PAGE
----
Evelyn Hartley

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Evelyn Hartley
Born Evelyn Grace Hartley
(1937-11-21)November 21, 1937
La Crosse County, Wisconsin
Disappeared October 24, 1953 (15 years old)
La Crosse County, Wisconsin
Status Missing for 64 years, 10 months and 28 days
Residence La Crosse County, Wisconsin
Nationality American
Height 5 ft 7 in (1.70 m)
Weight between 126-128 lb
  • Richard Hartley (father)
  • Ethyl Hartley (mother)

Evelyn Grace Hartley[1] (born November 21, 1937) is a missing teenager from La Crosse County, Wisconsin, who disappeared on October 24, 1953.[2] Her disappearance sparked a search involving 2,000 people.[3][4][5] In the first year following her disappearance, investigators questioned more than 3,500 people. As of 2018, no trace of her has been found.


On October 24, 1953, Viggo Rasmussen, a professor at La Crosse State College (now University of Wisconsin–La Crosse), hired Evelyn Hartley, the daughter of a fellow professor, to take care of his 20-month old daughter.[6] That evening, her father, Richard Hartley, called the Rasmussen house several times after his daughter failed to check in as planned at 8:30 PM; he received no answer. Concerned, he drove to the house. When he arrived, the doors were locked, the lights and radio were on, and items were scattered all over the house. The living room furniture had been moved around to different places, as were Hartley's school books. He found her shoes in different rooms, one shoe upstairs, and one downstairs. He also found his daughter's broken glasses upstairs. Hartley did not find his daughter in the house.[6]

Richard Hartley also found every room in the house locked, except one in the basement that was located at the back of the house. An opened window there was missing a screen, and the screen was found leaning against an outside wall. He also found a short stepladder belonging to the homeowner positioned at the opened window. Pry marks were found on some windows, and footprints had been found in areas of the house. Blood was found both inside the house and in the yard, with bloody hand prints about 100 feet away in a garage and in a nearby house. The child Hartley had been caring for was found asleep and unharmed.[7]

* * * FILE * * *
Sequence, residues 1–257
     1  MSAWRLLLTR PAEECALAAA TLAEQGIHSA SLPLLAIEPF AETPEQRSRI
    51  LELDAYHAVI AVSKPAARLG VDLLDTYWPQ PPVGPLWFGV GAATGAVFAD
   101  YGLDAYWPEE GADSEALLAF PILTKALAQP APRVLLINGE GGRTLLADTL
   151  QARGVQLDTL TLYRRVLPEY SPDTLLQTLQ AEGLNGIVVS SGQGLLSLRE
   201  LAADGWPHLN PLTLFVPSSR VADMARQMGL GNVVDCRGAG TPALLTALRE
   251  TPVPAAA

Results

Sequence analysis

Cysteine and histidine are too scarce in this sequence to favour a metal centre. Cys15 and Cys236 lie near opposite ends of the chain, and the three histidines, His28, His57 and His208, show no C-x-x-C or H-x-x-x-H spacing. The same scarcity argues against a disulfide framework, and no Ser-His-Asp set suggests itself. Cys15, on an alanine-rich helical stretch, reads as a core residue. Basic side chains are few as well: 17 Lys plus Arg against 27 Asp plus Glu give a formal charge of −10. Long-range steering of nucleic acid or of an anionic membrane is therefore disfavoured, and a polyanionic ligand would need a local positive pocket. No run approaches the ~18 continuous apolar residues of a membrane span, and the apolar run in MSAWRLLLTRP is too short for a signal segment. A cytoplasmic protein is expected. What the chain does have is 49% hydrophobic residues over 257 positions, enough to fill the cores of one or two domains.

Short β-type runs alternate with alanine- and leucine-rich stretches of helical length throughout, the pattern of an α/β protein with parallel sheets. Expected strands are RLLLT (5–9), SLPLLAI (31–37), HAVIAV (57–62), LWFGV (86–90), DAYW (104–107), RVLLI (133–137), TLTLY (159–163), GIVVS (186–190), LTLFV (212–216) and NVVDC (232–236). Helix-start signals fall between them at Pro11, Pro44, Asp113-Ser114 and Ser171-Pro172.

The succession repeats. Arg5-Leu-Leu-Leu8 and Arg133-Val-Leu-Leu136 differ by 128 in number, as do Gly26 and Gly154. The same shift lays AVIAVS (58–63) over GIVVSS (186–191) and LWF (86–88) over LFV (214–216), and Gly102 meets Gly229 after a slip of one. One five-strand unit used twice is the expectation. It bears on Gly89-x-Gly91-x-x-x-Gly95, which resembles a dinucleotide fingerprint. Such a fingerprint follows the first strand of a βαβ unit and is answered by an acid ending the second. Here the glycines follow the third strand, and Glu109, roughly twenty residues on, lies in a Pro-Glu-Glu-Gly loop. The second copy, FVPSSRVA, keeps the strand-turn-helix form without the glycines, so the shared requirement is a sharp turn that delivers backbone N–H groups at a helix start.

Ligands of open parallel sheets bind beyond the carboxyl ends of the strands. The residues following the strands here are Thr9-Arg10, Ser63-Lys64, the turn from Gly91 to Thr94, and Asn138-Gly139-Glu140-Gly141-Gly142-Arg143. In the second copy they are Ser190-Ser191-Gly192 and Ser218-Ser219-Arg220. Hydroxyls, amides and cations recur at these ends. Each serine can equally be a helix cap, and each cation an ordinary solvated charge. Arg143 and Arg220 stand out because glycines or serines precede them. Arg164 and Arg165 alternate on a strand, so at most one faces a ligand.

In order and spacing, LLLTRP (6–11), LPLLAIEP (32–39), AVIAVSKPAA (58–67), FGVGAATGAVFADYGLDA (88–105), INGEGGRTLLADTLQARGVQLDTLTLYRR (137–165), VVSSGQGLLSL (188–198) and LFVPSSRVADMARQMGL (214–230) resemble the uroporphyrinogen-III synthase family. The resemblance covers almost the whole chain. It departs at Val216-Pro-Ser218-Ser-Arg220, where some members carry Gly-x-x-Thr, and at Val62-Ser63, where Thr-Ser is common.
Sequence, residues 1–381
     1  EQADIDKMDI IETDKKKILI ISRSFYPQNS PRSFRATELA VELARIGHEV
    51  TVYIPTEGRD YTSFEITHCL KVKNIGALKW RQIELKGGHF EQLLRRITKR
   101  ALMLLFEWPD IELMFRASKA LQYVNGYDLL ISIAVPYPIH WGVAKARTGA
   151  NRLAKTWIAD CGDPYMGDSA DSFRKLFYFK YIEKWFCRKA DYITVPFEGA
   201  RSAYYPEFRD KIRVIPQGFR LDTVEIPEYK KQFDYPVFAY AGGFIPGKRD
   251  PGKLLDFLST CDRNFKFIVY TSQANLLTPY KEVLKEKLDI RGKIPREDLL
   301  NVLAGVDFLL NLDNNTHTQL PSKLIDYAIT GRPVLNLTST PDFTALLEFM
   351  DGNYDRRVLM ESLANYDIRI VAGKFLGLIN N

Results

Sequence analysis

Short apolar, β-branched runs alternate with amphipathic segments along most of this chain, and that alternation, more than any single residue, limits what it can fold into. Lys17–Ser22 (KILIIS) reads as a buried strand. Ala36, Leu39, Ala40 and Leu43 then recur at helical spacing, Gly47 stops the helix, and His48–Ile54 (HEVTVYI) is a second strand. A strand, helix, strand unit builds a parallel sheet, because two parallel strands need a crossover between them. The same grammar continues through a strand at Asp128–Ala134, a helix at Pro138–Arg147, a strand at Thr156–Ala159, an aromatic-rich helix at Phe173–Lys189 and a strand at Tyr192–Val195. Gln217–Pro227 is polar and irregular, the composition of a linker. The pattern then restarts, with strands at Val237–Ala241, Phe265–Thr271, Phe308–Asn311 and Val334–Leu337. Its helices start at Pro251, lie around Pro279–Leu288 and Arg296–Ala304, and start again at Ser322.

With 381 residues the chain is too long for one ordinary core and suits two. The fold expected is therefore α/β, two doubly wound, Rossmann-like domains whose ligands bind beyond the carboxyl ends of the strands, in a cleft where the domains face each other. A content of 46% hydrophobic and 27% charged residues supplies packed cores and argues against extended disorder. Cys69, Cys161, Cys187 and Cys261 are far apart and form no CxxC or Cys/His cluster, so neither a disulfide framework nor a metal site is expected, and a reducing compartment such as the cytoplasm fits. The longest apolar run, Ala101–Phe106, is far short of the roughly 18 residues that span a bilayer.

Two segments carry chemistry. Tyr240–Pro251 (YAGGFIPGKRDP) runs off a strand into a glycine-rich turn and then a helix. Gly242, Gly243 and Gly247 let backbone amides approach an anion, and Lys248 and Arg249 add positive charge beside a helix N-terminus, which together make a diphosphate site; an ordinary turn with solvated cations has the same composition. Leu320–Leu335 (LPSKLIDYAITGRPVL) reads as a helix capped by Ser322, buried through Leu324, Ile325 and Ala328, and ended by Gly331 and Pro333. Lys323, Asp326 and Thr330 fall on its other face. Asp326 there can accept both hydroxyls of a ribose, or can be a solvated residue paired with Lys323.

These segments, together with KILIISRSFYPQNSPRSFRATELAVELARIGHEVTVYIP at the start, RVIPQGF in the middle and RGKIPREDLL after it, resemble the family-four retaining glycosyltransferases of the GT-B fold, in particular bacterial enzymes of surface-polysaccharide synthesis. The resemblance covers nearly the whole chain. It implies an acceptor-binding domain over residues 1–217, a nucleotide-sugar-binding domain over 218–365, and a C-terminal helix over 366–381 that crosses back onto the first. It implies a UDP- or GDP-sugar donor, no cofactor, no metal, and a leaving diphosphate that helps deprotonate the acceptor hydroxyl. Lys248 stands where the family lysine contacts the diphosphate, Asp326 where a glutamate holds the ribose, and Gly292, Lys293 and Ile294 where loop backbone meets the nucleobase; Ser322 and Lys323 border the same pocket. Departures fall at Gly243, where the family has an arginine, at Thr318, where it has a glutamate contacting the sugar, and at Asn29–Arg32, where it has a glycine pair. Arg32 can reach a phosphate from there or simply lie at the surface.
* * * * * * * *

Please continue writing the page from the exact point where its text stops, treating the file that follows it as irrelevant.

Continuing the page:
Police believed someone took Hartley through the yard, but dropped her on the ground before carrying her further. They used dogs to pick up her scent in a trail that led for two blocks, ending at Coulee Drive. Police thought that she was most likely put into a vehicle there and driven away. The police were told by one neighbor that they had seen a car repeatedly driving around the neighborhood, and another person who lived nearby claimed that they had heard screams an hour earlier. The witness thought it was just children playing. Two days after the incident, Ed Hofer, a local resident, told police that while driving his vehicle, he was almost hit by a Buick that was speeding in a westerly direction. Inside the vehicle he says that he saw two men and a girl; one man was driving and the other was in the back with the girl. He didn't think anything about it, thinking the threesome was just going to a game.[6]

Several days later, various items of clothing including underpants, a brassiere, shoes, jeans, and a jacket, many of which were stained with blood, were found in different areas.[8][9] Blood found on the jacket matched Hartley's blood type.[6]

Over 1,000 members of the community participated in search operations in October 1953. Searchers included law enforcement officers, the National Guard, Boy Scouts, and La Crosse State College students and faculty.[7] Civil Air Patrol and Air Force planes and helicopters were also used in the search. A vehicle inspection program was also undertaken with the intent of searching every vehicle in the county. Gas station attendants were asked to check cars for blood stains. Recent graves were reopened to determine if her remains were placed with a recent burial.[3]